Beyond Violence 

Political Violence in Zimbabwe: A Brief Overview

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Photo taken by A-Birdie (October 14, 2008)

Robert Mugabe was elected as the first President of Zimbabwe in 1980 after a protracted struggle against the white minority government of Ian Smith. His ZANU-PF claimed 57 of the 80 elected assembly seats and in his inauguration address in April 1980 Mugabe called for an end to the violence of the previous decades:

‘the wrongs of the past must now stand forgiven and forgotten. If we are ever to look to the past,  let us do so for the lesson that the past has taught us, namely that oppression and racism are  inequalities that must never find scope in our political and social system.’

Sadly for Zimbabweans this rhetoric was quickly brushed aside and Mugabe set about establishing absolute control of power from which he still has not relinquished his grip, despite his advancing years.

Establishing Control

Mugabe has become reliant on political machinery that utilisesd violence, both physical and psychological to quell dissidence in Zimbabwe. Within the legal framework, Mugabe has maintained legislation that served Ian Smith at the end of his rule to bolster his power. The Law and Order Maintenance Act banned people from meeting in public to discuss politics without prior government approval. However, political violence has a number of differing elements. Strauss identifies two which are particularly applicable in Africa:

Institutional violence underpins ZANU-PF’s control, but Mugabe has also used violence as a source of intimidation, clamping down on any opposition with alarming force. A culture of fear was quickly established in the early years of his reign. For instance Mugabe became suspicious of Joseph Nkomo, a former ally who had defected, and who Mugabe was convinced was plotting a way to take power. In 1983 Mugabe sent the North Korean trained Brigade 5, to implement Mugabe’s plan of ‘the sweeping away of rubbish’ – locally known as Gukurahundi. Untold numbers died and, although the government continues to this day to deny these allegations. A report compiled by the Catholic Commission for Justice and Peace in Zimbabwe in 1997 has shed light on the extreme levels of torture used against the opposition (including electrical torture, rape and submarining).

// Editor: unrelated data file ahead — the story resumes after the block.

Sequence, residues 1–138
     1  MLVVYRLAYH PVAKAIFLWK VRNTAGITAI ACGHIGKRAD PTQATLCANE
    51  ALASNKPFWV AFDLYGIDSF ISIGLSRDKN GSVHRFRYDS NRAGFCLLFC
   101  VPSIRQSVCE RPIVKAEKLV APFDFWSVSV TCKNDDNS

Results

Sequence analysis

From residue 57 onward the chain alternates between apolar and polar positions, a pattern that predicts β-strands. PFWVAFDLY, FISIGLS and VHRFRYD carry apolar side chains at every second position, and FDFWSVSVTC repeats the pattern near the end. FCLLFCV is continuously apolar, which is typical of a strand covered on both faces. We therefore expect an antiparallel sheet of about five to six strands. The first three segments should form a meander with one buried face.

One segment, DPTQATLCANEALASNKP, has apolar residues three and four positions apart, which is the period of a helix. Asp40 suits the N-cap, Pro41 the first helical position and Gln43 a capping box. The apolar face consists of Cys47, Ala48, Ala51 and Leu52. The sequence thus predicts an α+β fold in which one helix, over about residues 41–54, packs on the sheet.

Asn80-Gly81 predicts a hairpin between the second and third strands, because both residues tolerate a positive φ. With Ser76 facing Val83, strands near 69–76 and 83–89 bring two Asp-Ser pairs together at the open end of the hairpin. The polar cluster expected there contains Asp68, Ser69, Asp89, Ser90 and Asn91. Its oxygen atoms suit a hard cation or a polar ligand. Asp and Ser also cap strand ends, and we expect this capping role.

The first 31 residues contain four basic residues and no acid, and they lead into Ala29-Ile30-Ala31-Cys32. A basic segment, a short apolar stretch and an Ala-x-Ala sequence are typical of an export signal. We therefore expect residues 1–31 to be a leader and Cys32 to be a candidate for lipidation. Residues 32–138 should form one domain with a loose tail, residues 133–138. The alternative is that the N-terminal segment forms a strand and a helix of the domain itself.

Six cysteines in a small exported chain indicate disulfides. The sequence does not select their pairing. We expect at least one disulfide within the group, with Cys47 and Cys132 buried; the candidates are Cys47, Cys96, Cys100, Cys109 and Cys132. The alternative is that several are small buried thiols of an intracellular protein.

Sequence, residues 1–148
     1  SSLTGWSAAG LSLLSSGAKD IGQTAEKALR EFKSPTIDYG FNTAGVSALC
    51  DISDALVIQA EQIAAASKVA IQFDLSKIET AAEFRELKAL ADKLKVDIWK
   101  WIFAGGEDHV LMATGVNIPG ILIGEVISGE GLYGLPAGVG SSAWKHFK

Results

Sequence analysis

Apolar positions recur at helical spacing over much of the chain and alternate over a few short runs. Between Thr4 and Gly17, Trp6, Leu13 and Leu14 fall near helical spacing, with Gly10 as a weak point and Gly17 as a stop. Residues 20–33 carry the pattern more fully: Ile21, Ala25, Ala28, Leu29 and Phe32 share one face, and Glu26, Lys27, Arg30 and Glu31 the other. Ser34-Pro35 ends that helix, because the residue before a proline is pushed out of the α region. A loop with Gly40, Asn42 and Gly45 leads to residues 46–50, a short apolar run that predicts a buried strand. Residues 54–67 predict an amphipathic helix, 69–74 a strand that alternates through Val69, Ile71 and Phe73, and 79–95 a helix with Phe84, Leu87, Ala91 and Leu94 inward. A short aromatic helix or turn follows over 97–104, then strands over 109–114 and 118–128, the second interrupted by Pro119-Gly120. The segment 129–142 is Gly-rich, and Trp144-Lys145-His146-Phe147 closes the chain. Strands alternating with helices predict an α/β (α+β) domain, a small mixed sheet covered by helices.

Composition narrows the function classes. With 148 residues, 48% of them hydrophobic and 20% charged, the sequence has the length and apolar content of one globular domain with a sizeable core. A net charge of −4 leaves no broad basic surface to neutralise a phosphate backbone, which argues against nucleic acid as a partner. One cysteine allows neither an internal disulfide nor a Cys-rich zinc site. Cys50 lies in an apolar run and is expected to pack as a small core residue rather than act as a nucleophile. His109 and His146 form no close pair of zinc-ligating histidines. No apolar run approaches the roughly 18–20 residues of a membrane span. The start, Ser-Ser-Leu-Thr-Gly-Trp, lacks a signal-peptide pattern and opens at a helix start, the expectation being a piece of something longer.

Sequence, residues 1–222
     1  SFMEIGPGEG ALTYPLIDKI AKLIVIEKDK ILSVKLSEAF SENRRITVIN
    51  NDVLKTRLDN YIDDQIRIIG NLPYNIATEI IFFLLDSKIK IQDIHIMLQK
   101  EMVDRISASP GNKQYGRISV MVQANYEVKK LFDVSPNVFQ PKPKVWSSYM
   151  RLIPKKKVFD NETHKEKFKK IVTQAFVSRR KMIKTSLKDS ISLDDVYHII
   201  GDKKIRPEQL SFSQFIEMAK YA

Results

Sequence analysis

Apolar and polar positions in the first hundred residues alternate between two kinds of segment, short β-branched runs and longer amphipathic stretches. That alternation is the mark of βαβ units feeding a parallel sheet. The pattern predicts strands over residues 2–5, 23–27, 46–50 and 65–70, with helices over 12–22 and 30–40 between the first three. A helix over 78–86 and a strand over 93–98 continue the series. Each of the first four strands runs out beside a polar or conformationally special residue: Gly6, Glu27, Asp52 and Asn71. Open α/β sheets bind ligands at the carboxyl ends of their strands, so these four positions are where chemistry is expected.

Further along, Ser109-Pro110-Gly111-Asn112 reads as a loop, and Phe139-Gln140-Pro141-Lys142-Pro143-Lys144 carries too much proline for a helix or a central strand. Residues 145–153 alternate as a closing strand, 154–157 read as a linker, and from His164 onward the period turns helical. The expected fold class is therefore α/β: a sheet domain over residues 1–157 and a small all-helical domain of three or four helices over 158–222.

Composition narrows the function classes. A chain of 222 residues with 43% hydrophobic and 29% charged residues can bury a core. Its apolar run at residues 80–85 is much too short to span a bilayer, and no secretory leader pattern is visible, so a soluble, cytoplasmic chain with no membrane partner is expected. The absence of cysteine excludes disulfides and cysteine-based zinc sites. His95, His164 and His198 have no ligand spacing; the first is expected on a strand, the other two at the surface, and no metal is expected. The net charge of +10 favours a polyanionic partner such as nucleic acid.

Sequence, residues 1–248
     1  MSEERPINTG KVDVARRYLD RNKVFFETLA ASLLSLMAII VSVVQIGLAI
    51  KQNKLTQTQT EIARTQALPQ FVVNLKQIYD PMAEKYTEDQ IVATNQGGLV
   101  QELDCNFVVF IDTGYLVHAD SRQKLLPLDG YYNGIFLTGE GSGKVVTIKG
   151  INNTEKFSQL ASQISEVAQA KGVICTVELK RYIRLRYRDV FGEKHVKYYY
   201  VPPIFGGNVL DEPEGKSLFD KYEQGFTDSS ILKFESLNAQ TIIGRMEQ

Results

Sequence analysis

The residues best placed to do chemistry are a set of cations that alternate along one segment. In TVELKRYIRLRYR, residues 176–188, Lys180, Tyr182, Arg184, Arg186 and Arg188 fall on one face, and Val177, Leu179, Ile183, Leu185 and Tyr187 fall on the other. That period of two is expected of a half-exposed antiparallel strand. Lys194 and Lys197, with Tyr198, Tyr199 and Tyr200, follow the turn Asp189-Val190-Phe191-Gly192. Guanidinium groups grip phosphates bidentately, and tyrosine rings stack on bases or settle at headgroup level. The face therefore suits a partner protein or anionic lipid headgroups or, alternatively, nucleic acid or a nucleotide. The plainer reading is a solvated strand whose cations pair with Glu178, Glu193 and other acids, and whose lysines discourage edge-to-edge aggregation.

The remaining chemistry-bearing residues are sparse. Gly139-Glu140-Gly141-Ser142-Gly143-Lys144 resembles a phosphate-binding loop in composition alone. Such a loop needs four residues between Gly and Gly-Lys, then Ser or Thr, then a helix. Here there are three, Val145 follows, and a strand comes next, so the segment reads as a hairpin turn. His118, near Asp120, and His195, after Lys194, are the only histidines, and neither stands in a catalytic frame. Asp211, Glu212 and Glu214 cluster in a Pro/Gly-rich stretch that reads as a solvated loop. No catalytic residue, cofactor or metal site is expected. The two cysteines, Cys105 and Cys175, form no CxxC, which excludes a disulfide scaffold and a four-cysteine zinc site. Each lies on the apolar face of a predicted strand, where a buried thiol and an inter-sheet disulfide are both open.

State sponsored violence was also directed against the white farmer population in 2000 in a series of land grabs against the 4,000 or so who owned a third of Zimbabwe’s productive land. The state encouraged, and supported by force where necessary, the taking of white farms and reallocation to black farmers without compensation or warning. But these people had no experience of running large-scale farms and soon Zimbabwe was facing significant economic problems, food shortages and hyper-inflation. This was compounded by international sanctions placed upon the country for the regime’s lack of adherence to human rights and democratic principles.

Elections in Zimbabwe